Blowing out plumbing - semi-inground - without reducing water level

marsui

Member
Jun 12, 2016
11
West Babylon
I covered my pool the other day, planning on taking care of the plumbing tomorrow. I really don't want to drain the pool anymore like I have been doing since I got it. I like the cover being higher, will be easier for the leaves, and draining just to blow out my lines and refilling seems pointless.

I have a skimmer cover that I haven't been using since I drain the water, I have one of those crush things for inside the skimmer which I throw in there just for extra precaution (but I always have the skimmer covered under the winter cover so no water gets in).

I have PVC plumbing, that goes underground, underground is flex PVC I believe, but above ground its ridgid PVC. Pump/Motor is about 10 feet away. My shop vac works wonders and I have had no issues blowing out my lines. I have a very simple set up. Just two pipes (maybe 20 feet total length each) have to blow out), and cap off. The skimmer is easy with the plate in place, I can just drain the water in there, and blow out that line. I have a rubber fitting for the pump connection side that seals that off.

The return is not easy. There is nothing to allow me to blow out the return line once its capped off inside the pool.

Any ideas as to how I can blow out the return line without lowering the water level? If I just blow from the pump side, and try to quickly cap it off as its blowing under the water, and then maybe try to vacuum whatever went back in the return? Does anyone make some kind of temporary dam that I can put around the return hole that will prevent water from getting to it so I can blow it out?

Please don't say just lower the water level, I know I can do that, but I don't want to. I might just try to cap it off and vacuum the water out with the shop vac first, but if anyone has any tricks that they have used to avoid lowering the water level that's what I'm looking for.

Thanks in advance =)
 

Newdude

Gold Supporter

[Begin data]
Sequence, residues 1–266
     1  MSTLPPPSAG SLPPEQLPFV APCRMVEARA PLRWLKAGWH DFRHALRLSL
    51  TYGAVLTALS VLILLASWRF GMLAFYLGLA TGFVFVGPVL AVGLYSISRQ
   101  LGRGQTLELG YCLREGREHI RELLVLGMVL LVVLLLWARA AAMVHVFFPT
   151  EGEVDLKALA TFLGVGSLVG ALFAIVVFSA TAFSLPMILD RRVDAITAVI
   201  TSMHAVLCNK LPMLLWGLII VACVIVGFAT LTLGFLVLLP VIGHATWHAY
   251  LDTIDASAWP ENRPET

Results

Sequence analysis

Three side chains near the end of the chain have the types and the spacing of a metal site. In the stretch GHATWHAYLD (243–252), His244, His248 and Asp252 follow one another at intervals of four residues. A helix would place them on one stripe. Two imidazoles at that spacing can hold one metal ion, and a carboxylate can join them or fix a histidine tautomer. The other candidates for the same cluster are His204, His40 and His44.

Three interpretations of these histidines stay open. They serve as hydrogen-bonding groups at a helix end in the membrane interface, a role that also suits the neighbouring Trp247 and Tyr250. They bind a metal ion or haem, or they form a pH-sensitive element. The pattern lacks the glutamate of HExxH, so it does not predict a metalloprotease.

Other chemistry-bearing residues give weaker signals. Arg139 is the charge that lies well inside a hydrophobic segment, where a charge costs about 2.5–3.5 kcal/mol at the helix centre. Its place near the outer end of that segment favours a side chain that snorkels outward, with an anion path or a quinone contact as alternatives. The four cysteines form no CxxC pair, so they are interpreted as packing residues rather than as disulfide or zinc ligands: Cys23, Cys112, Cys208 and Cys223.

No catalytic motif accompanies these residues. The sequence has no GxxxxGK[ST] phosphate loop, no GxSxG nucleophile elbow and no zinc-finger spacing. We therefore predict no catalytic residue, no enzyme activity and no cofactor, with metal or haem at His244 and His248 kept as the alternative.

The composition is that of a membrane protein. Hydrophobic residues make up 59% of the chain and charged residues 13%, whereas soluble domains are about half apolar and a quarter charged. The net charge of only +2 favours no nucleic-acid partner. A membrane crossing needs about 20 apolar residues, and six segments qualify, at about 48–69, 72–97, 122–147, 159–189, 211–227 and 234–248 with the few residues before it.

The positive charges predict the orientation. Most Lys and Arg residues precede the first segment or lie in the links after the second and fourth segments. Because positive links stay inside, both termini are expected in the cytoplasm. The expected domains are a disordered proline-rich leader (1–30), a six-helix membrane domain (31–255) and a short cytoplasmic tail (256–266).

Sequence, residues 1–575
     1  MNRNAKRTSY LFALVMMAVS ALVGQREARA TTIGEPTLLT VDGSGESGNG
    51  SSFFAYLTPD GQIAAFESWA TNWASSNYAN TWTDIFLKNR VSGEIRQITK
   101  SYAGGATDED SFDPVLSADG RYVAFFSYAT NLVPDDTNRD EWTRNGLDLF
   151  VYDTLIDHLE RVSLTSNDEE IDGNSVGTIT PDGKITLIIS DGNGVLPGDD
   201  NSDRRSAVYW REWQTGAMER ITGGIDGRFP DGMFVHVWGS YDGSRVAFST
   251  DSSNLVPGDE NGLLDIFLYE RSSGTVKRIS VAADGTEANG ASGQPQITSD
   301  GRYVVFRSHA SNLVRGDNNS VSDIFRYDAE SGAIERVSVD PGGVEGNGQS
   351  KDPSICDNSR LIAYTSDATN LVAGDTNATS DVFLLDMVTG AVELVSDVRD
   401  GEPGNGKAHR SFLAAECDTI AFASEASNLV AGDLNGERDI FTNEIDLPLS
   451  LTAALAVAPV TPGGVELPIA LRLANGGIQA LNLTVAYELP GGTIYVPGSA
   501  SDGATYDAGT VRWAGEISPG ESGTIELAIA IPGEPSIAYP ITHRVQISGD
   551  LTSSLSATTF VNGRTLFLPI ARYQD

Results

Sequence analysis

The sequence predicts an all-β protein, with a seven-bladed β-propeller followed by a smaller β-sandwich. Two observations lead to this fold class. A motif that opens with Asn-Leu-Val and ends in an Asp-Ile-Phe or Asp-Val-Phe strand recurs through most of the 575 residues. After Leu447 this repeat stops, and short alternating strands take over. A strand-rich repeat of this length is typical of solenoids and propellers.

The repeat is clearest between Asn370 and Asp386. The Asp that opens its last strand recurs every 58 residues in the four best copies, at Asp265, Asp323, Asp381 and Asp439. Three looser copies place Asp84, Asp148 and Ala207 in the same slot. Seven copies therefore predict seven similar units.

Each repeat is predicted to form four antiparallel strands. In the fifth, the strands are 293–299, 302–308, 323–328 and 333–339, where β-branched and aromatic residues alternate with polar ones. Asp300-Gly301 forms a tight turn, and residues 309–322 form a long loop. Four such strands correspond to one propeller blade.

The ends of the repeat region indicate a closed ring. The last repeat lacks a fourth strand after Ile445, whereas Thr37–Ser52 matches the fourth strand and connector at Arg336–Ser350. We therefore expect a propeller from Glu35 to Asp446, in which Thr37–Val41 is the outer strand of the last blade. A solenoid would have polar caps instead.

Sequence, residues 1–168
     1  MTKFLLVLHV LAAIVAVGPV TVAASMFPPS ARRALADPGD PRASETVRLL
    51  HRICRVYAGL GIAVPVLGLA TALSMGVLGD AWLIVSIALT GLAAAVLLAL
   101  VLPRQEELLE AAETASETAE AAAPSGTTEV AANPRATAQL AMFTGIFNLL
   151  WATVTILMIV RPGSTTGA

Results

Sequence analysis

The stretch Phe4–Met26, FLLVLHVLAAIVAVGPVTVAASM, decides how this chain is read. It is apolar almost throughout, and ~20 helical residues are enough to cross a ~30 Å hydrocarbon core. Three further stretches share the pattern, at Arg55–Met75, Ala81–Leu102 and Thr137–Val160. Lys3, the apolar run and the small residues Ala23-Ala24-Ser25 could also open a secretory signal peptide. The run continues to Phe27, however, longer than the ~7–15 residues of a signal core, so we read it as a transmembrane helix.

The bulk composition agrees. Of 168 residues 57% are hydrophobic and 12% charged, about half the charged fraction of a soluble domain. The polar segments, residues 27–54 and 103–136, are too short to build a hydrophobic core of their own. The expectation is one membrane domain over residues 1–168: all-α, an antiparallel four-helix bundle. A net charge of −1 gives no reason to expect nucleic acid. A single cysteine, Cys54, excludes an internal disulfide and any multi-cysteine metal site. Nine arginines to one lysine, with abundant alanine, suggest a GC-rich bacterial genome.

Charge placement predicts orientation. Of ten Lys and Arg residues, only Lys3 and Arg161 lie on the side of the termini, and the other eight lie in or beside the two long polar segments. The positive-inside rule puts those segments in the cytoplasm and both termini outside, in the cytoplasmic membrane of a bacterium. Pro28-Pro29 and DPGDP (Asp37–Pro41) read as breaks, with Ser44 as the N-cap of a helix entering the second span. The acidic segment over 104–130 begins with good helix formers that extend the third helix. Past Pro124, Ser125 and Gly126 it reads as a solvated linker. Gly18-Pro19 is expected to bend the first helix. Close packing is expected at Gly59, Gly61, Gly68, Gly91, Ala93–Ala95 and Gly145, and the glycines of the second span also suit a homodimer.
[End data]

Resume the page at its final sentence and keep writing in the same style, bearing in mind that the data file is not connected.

TFP Guide
Jun 16, 2019
6,222
NY
I’m moving soon and the new house has a semi-inground. I’m pretty sure I’m going to use duck plugs and skimmer plug. Once I’m not needing the water at the mid faceplate level for skimming I’m going to raise it almost to the top and tarp it. If it works out IRL like it does in my head, there will only be 3 inches or so that can collect water and that should be much easier to drain. If *cough* when *cough* I get lazy it will drain itself if anymore than that collects.
 
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marsui

Member
Jun 12, 2016
11
West Babylon
Thanks all, very helpful. I added those products to a document, but to tell you the truth, I put my shop vac under the water, blew out the return, and real quick while those was still in the hole, I removed it and plugged it. Then I used the shop vac to suck out any water that maybe have gotten in that split second, and it was really nothing. Even if a little water got it, there is room for it to freeze and expand without breaking the pipes.
 

Texas Splash

Mod Squad
TFP Expert
LifeTime Supporter
but to tell you the truth, I put my shop vac under the water, blew out the return, and real quick while those was still in the hole, I removed it and plugged it. Then I used the shop vac to suck out any water that maybe have gotten in that split second, and it was really nothing. Even if a little water got it, there is room for it to freeze and expand without breaking the pipes.
Outstanding! :goodjob: Some owners aren't that fortunate with the length of plumbing and such, then a ShopVac just doesn't cut it. Sounds like you're all set. See you next season. :swim:
 
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